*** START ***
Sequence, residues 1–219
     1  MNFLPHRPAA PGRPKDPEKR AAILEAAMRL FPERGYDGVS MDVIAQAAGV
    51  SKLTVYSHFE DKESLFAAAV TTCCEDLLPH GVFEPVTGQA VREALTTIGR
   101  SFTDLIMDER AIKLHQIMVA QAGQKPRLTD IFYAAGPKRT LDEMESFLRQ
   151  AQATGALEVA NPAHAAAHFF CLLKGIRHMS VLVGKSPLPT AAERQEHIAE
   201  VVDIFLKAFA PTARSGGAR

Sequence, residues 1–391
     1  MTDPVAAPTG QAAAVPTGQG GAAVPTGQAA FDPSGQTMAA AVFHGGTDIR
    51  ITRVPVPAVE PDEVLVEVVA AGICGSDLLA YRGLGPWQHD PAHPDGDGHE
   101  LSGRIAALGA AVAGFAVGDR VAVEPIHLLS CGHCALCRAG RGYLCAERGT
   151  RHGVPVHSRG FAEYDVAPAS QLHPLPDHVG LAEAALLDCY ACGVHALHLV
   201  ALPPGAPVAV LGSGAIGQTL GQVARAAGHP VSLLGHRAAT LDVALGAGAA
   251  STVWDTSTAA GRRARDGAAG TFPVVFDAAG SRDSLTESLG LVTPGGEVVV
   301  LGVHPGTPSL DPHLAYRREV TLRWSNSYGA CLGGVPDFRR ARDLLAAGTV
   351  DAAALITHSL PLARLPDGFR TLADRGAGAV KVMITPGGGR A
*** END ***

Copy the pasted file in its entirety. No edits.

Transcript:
Sequence, residues 1–219
     1  MNFLPHRPAA PGRPKDPEKR AAILEAAMRL FPERGYDGVS MDVIAQAAGV
    51  SKLTVYSHFE DKESLFAAAV TTCCEDLLPH GVFEPVTGQA VREALTTIGR
   101  SFTDLIMDER AIKLHQIMVA QAGQKPRLTD IFYAAGPKRT LDEMESFLRQ
   151  AQATGALEVA NPAHAAAHFF CLLKGIRHMS VLVGKSPLPT AAERQEHIAE
   201  VVDIFLKAFA PTARSGGAR

Sequence, residues 1–391
     1  MTDPVAAPTG QAAAVPTGQG GAAVPTGQAA FDPSGQTMAA AVFHGGTDIR
    51  ITRVPVPAVE PDEVLVEVVA AGICGSDLLA YRGLGPWQHD PAHPDGDGHE
   101  LSGRIAALGA AVAGFAVGDR VAVEPIHLLS CGHCALCRAG RGYLCAERGT
   151  RHGVPVHSRG FAEYDVAPAS QLHPLPDHVG LAEAALLDCY ACGVHALHLV
   201  ALPPGAPVAV LGSGAIGQTL GQVARAAGHP VSLLGHRAAT LDVALGAGAA
   251  STVWDTSTAA GRRARDGAAG TFPVVFDAAG SRDSLTESLG LVTPGGEVVV
   301  LGVHPGTPSL DPHLAYRREV TLRWSNSYGA CLGGVPDFRR ARDLLAAGTV
   351  DAAALITHSL PLARLPDGFR TLADRGAGAV KVMITPGGGR A